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Behavioural Biases And Their Effects on Investment Decisions Series – Part 5

Psychology plays a significant role in the mechanism of investment; and psychology gets largely affected by the behavioural biases. The investors are highly prone to get affected by the biases and take decisions that may end up making them pay heavily. Any interferences or pitfalls in the cognitive process of investment may lead to not so wise decisions. One such behavioural bias is the Halo Effect Bias.

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Halo Effect Bias
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Halo Effect Bias

Halo Effect is a cognitive bias which makes a person judge a person, product, or company based only on one or few characters of the person, product or company. It is the tendency which causes influence on one area, based on the impression created in another unrelated area.

Halo effect is seen to be applicable in many areas of life. It makes people judge other people based on few characteristics. For instance, a supervisor may end up evaluating his subordinate based only on one feature, say punctuality and timeliness, and ignore all other characteristics of him, positive or negative. Similarly, in terms of companies, Apple has created such a halo effect that any product launched by it is successfully accepted, irrespective of the actual reviews of the product.

In the same way, halo effect bias has its implications in investment decisions. A trader with halo effect bias judges a company or a stock only on the basis of certain characteristics and ignores the others. As an example, the companies with known ticker symbols like Microsoft and Apple tend to trade at higher values than the lesser known ones.

Causes of Halo Effect Bias

The main cause of the halo effect bias is the inherent need for the individuals to make quick decisions. Humans are conditioned in a way to make snap decisions when faced with unfamiliar situations. When faced with such situations, traders make quick decisions based on the information they already have and it gets translated into halo effect. Such decisions may not always be right.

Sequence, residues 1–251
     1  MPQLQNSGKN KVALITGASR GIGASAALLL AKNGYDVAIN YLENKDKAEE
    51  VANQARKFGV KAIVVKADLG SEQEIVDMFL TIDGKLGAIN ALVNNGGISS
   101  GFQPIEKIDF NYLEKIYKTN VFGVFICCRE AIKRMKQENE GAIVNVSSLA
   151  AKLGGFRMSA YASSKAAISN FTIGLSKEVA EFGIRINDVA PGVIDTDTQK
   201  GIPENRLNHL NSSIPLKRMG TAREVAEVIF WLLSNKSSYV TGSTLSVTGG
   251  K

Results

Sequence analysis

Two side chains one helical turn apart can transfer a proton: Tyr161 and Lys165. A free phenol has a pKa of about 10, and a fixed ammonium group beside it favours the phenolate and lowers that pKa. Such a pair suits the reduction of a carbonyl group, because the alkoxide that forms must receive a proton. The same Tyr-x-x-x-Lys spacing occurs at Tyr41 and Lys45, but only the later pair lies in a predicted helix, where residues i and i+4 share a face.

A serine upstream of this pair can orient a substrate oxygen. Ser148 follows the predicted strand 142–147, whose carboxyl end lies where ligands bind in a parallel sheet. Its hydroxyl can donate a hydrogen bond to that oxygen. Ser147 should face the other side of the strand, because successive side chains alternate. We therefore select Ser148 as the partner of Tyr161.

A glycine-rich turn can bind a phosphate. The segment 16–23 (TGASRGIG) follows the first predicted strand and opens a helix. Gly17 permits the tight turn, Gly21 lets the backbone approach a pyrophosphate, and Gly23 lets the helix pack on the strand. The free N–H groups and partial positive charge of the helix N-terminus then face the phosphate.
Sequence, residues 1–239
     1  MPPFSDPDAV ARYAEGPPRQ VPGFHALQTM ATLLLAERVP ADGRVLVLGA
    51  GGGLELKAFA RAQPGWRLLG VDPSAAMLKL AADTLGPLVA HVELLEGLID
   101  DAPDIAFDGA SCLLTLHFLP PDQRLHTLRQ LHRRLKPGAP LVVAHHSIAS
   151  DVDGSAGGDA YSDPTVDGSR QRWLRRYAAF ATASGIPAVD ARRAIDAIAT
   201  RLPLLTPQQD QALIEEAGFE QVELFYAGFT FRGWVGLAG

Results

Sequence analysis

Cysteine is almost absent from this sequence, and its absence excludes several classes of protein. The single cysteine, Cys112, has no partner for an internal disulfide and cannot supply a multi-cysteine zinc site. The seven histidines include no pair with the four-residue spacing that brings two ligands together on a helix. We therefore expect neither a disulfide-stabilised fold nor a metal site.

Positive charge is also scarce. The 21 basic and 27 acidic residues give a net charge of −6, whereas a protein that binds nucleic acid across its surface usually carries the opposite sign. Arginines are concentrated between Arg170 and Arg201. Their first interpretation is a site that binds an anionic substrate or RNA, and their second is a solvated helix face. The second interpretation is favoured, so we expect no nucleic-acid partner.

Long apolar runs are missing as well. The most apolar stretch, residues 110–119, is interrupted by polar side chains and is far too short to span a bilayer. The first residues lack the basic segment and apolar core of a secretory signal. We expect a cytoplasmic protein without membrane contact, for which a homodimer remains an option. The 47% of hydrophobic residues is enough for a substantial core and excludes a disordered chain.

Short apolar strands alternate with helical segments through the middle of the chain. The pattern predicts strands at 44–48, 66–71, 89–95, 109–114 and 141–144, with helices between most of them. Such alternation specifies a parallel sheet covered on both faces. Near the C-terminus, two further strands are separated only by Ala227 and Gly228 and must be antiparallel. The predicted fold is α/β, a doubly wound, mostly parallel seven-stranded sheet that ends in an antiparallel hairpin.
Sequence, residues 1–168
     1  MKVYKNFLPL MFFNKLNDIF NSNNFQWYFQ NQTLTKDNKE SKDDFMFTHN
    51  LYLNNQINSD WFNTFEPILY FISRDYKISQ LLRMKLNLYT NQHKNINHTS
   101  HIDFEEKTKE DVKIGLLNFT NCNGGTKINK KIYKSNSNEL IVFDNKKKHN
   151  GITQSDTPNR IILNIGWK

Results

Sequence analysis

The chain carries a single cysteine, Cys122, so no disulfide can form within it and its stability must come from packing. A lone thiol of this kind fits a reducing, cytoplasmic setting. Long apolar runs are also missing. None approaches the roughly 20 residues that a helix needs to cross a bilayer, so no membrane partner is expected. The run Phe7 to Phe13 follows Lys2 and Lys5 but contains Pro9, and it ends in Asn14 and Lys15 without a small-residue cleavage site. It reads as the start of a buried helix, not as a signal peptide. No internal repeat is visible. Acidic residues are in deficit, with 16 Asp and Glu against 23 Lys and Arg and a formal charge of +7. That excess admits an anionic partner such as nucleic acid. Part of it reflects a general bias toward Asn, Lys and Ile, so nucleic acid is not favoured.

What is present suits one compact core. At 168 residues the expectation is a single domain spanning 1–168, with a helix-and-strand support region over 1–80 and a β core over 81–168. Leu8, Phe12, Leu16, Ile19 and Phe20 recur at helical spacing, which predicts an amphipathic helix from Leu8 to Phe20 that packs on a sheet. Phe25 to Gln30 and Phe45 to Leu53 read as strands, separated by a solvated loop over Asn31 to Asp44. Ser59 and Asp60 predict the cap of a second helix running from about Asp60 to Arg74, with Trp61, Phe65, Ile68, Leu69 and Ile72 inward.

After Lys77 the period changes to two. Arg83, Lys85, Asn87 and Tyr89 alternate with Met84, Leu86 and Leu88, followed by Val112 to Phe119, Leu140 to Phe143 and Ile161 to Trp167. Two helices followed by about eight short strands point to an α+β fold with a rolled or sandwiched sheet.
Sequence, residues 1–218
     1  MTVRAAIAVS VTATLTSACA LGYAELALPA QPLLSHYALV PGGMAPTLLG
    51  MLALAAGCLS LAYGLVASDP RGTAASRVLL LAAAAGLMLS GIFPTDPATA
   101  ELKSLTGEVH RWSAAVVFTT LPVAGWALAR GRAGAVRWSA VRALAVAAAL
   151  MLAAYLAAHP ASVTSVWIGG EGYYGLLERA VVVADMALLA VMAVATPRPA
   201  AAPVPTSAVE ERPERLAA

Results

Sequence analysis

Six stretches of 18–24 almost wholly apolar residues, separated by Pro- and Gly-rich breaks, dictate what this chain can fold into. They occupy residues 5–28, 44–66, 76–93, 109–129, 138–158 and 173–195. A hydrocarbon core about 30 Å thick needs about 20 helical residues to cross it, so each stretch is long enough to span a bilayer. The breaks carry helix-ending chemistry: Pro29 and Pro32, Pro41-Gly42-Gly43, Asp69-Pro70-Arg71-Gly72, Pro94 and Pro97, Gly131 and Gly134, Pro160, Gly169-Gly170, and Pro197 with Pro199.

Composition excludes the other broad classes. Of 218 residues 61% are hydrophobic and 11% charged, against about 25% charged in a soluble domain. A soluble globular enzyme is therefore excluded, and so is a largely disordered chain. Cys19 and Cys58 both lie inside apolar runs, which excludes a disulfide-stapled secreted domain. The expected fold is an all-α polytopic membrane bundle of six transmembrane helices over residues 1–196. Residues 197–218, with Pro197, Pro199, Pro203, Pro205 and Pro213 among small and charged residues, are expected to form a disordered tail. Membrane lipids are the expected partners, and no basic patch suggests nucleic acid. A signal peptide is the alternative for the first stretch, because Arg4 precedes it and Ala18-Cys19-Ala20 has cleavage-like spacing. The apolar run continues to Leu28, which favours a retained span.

Halo effect bias is a more deep-rooted form of confirmation bias. It makes the bearer search for and interpret information in a way that confirms his preexisting beliefs. The confirmation bias makes the trader consider only one aspect of the situation and extrapolate it to the complete situation. The trader takes one positive signal and forms a positive impression of the entire investment. Then, in order to confirm this belief, he interprets the other factors around the investment positive too.

Effects of Halo Effect Bias

The halo effect bias impacts the process of investment in multiple ways. It makes the trader take investment decisions quite irrationally and illogically. The traders affected by halo effect tend to make judgements about a stock or a company based on just one report of the company. If the first report encountered by them gives a buy signal, they act based on the positive halo effect and disregard all other negatives that may be associated with the company or stock.

The halo effect bias has more negative impact on the novice investors. They tend to get affected by their recent wins in the bull markets and create a halo about their own positives. It makes them overconfident and take more risks. When the correction occurs, they end up paying for it.

The halo effect can become a trap for the investors. Instead of choosing an investment opportunity based on their research, they make decisions based on their biases and halo effect. It clouds their judgement. If they have a positive predisposition towards a company, the halo effect bias will make them more prone to have a positive bias towards all aspects of the stock. This can become a very costly mistake.

How to Overcome the Halo Effect Bias?

Halo effect bias is a cognitive bias and is deep rooted into the psychology of an investor. It is difficult to eliminate it completely, however, many steps can be taken to overcome it to an extent that it does not cause too much damage.

The most important advice is to look at a company holistically. Even when the investor has a positive outlook towards a company, he should second-guess himself and keep looking for scenarios that may go wrong. This will help him overcome the initial halo effect he had for the company. He will be able to find out exactly where the company stands, and not just how the company looks from where he sees it.

It is also critical for the investor to do his pwn research and analysis, rather than being dependent on someone else’s analysis. The investors should not rely on tips given by the experts and form an opinion. The decisions must not be taken based on how other investors or the experts see the stock or the investment.

Therefore, it is extremely important for the investors to overcome the behavioural biases to ensure that their process of investment is as rational and as objective as possible.